Caring for Your Teeth

Caring for Your Teeth Through Pregnancy

When you discover you’re pregnant, you might believe that a trip to the dentist has to wait until after you give birth. However, dental care is even more critical than ever before during your pregnancy. Below is some helpful information on caring for your teeth when you’re pregnant.

Perth dentists advise that the first thing you need to do is to let your dentist know you’re pregnant if you are planning on having a check-up or procedure. In high-risk pregnancies, most procedures might be able to wait until after your bundle arrives. Otherwise, the benefits of dental care often outweigh any potential risk factors.

You can continue brushing with fluoride toothpaste, flossing between your teeth, and eating a balanced diet to promote your oral hygiene and health. You should also still visit your dentist for check-ups and professional cleaning. If you are suffering from morning sickness, you can reduce the risk of acid attacking your teeth by rinsing your mouth with baking soda and water.

Gum Disease

Your body goes through a whole host of changes when you’re pregnant, and your mouth is no exception. Around half of women will develop a mild form of gum disease while pregnant – generally between the two and eight-month mark. After childbirth, this can disappear. The reasoning behind getting this temporary gingivitis is due to hormone levels causing plaque to irritate your gums more than usual. Continue to brush twice-daily and floss. See your dentist if you have concerns.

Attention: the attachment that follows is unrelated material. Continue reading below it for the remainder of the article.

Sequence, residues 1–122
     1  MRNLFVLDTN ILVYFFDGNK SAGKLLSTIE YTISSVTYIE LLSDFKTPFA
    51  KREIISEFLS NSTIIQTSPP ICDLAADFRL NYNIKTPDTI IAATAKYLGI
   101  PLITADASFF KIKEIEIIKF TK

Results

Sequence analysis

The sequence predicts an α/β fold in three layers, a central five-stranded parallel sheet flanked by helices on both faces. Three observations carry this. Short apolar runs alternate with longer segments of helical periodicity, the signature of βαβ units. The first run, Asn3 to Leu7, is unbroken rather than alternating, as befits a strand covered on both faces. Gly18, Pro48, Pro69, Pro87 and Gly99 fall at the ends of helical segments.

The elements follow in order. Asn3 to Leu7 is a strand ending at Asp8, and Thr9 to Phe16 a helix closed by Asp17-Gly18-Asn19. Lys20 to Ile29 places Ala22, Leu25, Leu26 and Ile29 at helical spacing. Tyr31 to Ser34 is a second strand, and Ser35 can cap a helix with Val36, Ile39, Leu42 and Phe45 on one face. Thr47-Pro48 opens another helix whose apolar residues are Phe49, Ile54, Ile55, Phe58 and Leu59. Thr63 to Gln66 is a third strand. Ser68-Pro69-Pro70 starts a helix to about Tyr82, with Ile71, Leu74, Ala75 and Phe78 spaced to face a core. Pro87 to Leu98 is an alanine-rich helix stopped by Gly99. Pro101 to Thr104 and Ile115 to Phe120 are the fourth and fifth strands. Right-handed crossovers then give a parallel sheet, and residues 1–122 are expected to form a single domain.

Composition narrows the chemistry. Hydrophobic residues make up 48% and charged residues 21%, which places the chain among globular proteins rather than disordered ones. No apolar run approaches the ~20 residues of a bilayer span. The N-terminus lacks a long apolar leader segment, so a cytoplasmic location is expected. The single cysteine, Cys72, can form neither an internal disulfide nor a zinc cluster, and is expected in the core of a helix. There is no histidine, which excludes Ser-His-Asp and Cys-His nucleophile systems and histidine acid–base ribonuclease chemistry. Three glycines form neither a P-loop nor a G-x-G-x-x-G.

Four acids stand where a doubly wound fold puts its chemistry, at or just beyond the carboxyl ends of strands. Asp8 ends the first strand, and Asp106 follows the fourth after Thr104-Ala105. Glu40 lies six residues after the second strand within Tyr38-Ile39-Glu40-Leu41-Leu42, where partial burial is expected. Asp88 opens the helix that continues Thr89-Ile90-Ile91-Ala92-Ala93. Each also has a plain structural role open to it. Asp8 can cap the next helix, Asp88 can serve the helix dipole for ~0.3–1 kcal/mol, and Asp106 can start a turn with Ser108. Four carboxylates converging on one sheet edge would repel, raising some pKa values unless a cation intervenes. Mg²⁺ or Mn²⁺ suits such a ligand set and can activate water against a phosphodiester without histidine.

Moving Teeth

If you feel like your teeth are moving, then you aren’t going crazy. During pregnancy, your hormones can loosen the bones and ligaments that secure your teeth in place. They can feel like they are a little loose – even if they are not.  This feeling should go away after birth, but see your dentist if it doesn’t.

Oral Care Habits

It’s easy to get caught up in trying to look after your baby in other ways, which means you may start to neglect your oral health. It’s essential that you don’t. Poor oral care habits have been associated with gestational diabetes, preeclampsia, premature birth, and intrauterine growth restrictions. If you are concerned, make an appointment with your dentist for advice.

Your baby will start to develop teeth at around the 3-6-month mark of pregnancy. Including vitamins and nutrients in your diet can help them to grow correctly as well.

When you find out you’re pregnant, there’s so much to do and organise. You have to keep up with medical appointments, arrange scans, buy all the items you need to care for a baby, and try and look after yourself in between. No one said it would be easy. However, dental care should be right up there with general medical care. Take the time to make an appointment with your dentist and find out how your oral health is faring.